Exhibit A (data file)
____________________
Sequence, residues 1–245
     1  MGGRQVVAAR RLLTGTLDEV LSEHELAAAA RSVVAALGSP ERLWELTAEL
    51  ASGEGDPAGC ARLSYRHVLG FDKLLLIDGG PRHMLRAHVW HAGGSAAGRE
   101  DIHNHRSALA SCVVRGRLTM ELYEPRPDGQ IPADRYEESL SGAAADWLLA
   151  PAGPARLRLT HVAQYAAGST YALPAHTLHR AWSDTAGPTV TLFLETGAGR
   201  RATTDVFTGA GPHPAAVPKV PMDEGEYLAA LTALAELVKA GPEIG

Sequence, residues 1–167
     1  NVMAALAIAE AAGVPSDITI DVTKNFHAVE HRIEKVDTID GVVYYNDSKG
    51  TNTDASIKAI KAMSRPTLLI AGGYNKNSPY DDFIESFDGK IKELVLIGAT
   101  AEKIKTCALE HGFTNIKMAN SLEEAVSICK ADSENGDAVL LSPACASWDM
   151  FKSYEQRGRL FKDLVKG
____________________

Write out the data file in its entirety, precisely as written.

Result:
Sequence, residues 1–245
     1  MGGRQVVAAR RLLTGTLDEV LSEHELAAAA RSVVAALGSP ERLWELTAEL
    51  ASGEGDPAGC ARLSYRHVLG FDKLLLIDGG PRHMLRAHVW HAGGSAAGRE
   101  DIHNHRSALA SCVVRGRLTM ELYEPRPDGQ IPADRYEESL SGAAADWLLA
   151  PAGPARLRLT HVAQYAAGST YALPAHTLHR AWSDTAGPTV TLFLETGAGR
   201  RATTDVFTGA GPHPAAVPKV PMDEGEYLAA LTALAELVKA GPEIG

Sequence, residues 1–167
     1  NVMAALAIAE AAGVPSDITI DVTKNFHAVE HRIEKVDTID GVVYYNDSKG
    51  TNTDASIKAI KAMSRPTLLI AGGYNKNSPY DDFIESFDGK IKELVLIGAT
   101  AEKIKTCALE HGFTNIKMAN SLEEAVSICK ADSENGDAVL LSPACASWDM
   151  FKSYEQRGRL FKDLVKG